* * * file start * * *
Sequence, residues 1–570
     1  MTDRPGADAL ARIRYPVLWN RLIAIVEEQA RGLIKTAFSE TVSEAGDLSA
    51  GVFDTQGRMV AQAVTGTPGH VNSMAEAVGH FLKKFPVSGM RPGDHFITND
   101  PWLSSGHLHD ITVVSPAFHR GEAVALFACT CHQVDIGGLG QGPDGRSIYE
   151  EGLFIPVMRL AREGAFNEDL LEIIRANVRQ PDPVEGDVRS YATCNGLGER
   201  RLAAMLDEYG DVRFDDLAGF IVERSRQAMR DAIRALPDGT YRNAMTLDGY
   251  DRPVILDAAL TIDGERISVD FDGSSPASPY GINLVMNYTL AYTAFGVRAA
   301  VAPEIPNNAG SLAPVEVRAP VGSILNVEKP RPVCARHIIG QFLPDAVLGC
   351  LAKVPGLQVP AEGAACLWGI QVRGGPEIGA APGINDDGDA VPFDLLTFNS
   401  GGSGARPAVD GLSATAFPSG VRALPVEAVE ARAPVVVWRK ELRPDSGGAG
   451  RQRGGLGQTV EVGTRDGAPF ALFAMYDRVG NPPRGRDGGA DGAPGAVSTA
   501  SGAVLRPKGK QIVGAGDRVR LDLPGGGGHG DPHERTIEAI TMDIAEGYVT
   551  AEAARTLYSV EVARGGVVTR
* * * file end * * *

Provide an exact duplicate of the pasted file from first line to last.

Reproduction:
Sequence, residues 1–570
     1  MTDRPGADAL ARIRYPVLWN RLIAIVEEQA RGLIKTAFSE TVSEAGDLSA
    51  GVFDTQGRMV AQAVTGTPGH VNSMAEAVGH FLKKFPVSGM RPGDHFITND
   101  PWLSSGHLHD ITVVSPAFHR GEAVALFACT CHQVDIGGLG QGPDGRSIYE
   151  EGLFIPVMRL AREGAFNEDL LEIIRANVRQ PDPVEGDVRS YATCNGLGER
   201  RLAAMLDEYG DVRFDDLAGF IVERSRQAMR DAIRALPDGT YRNAMTLDGY
   251  DRPVILDAAL TIDGERISVD FDGSSPASPY GINLVMNYTL AYTAFGVRAA
   301  VAPEIPNNAG SLAPVEVRAP VGSILNVEKP RPVCARHIIG QFLPDAVLGC
   351  LAKVPGLQVP AEGAACLWGI QVRGGPEIGA APGINDDGDA VPFDLLTFNS
   401  GGSGARPAVD GLSATAFPSG VRALPVEAVE ARAPVVVWRK ELRPDSGGAG
   451  RQRGGLGQTV EVGTRDGAPF ALFAMYDRVG NPPRGRDGGA DGAPGAVSTA
   501  SGAVLRPKGK QIVGAGDRVR LDLPGGGGHG DPHERTIEAI TMDIAEGYVT
   551  AEAARTLYSV EVARGGVVTR